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Inspection Summary

Overall summary & rating


Updated 18 March 2015

The Jessie May Trust is a registered charity which offers respite and support to parents and nursing and personal care to children with life limiting illnesses in their own homes. They provide respite care visits for children and young people aged 0 to 19 years of age. Qualified nurses specialising in children’s health care or nursery nurses provide the care and support due to the complexities of the children’s health care needs.

We last inspected the service in November 2013 and no concerns were found.

There was a registered manager in post. A registered manager is a person who has registered with the Care Quality Commission to manage the service. Like registered providers, they are ‘registered persons’. Registered persons have legal responsibility for meeting the requirements in the Health and Social Care Act 2008 and associated Regulations about how the service is run.

Parents told us they were very happy with the care and trusted the nurses to support their child safely. Comments included “it is an amazing service we receive, all the nurses are exceptional and we trust them with our child” and “I cannot fault the service, the staff are friendly and my child enjoys the visits from Jessie May Trust” and “they spend time with my child playing and interacting which is positive as usually the focus is health appointments, it is a fantastic service”.

At the time of our inspection there were 83 children registered with The Jessie May Trust. Support varied depending on the assessment of the child and the requirements of the family. Each child had been assessed and a care plan drawn up involving the child, the parents and other professionals. Parents had been involved in a self-assessment of their needs which provided a score on the frequency of visits and support. Parents confirmed this was kept under review as the needs of their child changed. Care plans included both short and long term goals and wishes on the event of an admission to hospital and end of life care. Parents described to us how this was done sensitively taking into consideration the needs of the child and their wishes.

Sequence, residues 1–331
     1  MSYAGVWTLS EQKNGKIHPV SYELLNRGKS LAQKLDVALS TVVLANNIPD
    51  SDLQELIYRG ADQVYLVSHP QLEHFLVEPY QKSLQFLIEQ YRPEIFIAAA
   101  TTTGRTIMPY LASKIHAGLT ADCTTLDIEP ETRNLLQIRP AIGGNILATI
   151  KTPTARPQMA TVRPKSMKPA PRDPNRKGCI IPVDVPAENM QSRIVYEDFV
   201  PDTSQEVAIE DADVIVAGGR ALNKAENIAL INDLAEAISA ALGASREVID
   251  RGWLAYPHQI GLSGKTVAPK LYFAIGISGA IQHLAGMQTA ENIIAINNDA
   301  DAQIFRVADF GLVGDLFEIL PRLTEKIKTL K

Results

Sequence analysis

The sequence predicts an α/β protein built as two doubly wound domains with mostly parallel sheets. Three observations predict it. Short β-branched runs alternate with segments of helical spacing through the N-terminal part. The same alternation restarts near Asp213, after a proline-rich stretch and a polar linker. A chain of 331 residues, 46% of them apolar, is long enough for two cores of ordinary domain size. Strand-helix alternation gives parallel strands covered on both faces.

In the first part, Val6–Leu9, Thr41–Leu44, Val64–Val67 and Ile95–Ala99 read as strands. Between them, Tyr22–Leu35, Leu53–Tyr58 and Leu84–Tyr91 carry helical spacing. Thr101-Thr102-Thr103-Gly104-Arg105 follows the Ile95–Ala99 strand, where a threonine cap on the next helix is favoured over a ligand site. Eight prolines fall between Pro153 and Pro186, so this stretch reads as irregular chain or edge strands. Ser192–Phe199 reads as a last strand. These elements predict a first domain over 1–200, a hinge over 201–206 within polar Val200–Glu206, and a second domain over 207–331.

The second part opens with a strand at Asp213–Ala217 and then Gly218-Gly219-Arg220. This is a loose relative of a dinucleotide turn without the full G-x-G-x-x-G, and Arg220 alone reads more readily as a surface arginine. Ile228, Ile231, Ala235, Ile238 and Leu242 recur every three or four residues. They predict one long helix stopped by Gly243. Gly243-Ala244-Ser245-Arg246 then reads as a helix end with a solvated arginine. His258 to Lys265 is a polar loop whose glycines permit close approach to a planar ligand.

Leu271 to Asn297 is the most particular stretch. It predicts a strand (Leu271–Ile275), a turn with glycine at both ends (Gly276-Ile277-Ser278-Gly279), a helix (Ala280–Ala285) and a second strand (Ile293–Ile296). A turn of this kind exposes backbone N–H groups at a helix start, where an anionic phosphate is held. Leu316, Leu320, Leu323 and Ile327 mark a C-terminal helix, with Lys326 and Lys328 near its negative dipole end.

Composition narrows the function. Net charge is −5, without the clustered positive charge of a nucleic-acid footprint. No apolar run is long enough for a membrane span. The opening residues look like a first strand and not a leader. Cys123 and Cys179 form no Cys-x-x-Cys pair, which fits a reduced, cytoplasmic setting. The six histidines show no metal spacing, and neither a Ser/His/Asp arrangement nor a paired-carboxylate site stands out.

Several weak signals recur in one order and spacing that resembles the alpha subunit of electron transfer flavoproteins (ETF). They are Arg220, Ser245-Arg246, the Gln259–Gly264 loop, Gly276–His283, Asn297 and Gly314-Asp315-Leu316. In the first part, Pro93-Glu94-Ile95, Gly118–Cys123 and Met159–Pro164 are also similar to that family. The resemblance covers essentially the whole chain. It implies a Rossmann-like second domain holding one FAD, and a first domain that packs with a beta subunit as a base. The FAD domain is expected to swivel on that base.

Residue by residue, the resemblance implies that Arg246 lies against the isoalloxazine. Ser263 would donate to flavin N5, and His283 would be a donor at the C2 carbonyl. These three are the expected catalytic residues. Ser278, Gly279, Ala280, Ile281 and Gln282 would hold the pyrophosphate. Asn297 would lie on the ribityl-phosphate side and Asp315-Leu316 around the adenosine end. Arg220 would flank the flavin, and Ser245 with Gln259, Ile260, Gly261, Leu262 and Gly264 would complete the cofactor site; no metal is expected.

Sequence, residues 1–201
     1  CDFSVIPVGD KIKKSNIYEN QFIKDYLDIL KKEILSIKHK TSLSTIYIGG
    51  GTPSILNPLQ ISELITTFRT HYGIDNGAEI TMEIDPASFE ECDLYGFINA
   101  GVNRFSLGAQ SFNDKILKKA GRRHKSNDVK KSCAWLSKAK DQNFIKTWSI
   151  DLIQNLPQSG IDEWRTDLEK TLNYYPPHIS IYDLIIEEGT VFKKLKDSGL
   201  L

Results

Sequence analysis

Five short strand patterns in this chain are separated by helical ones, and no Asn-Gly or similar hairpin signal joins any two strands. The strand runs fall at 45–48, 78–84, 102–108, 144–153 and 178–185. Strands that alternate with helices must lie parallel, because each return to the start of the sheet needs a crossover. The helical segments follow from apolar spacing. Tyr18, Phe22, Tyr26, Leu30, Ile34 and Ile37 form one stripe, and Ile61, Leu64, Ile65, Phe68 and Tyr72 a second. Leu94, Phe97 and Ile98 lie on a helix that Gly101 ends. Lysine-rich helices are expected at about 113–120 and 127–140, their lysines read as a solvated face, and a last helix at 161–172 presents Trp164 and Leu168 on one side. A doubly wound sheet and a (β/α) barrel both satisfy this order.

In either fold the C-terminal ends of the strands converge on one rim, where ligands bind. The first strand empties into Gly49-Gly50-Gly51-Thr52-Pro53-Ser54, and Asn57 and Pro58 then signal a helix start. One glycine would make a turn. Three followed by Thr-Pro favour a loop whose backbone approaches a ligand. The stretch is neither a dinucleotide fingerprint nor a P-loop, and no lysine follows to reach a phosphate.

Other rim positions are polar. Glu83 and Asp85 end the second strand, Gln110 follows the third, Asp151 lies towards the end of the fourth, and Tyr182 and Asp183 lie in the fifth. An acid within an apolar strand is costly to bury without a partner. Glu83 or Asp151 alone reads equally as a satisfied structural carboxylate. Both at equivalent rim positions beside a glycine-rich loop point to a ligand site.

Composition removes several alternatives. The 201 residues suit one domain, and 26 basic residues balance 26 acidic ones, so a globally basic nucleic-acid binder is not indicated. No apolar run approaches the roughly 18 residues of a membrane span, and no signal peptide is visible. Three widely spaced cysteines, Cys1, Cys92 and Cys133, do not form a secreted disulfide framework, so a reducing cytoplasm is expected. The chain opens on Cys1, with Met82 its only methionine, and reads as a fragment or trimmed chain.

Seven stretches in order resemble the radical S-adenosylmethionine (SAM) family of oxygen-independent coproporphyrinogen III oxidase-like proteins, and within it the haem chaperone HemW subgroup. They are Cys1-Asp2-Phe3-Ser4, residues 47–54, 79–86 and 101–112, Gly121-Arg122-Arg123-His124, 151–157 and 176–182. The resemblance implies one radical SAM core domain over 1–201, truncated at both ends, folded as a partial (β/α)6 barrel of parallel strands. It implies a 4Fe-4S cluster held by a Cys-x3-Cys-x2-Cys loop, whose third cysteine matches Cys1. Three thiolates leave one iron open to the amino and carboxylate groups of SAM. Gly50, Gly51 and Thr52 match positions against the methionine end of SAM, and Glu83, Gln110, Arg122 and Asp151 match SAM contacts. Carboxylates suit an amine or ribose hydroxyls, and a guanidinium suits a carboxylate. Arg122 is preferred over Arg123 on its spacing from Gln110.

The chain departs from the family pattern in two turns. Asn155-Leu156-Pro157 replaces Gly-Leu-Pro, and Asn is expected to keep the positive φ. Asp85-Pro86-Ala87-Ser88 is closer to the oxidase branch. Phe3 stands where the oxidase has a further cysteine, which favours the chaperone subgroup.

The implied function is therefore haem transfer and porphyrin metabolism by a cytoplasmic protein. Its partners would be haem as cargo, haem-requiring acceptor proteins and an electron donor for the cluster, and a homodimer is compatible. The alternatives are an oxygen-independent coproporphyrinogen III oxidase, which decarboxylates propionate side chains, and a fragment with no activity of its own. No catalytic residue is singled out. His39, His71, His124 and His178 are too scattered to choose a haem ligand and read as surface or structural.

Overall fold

Clear records were kept of the visits and support delivered to each child. Parents and the nurses shared important information about how to keep the child safe and what was required on each visit. This included any medicines that may be required. The staff had received training in the safe administration of medicines. This included training on oxygen therapy.

Staff understood the needs of the children and young people they supported. They had received appropriate training to enable them to support the children in their care. Staff were aware of the importance of safeguarding children and their role in sharing information with other professionals. Suitable arrangements were in place to ensure only suitable staff were employed to work for The Jessie May Trust. The nurses were employed through the United Bristol Hospital Trust which provided additional support to the nurses in respect of clinical training and support.

There were systems to regularly review and monitor the quality of care. Feedback was gained from children, young people and their families at regular intervals to drive improvements. Parents were invited to attend regular meetings about the running of the service with some being a parent representative on the board.

Staff from the Jessie May Trust work with other professionals and participate in local networking groups to ensure they were working in partnership and following current good practice guidelines.

Inspection areas



Updated 18 March 2015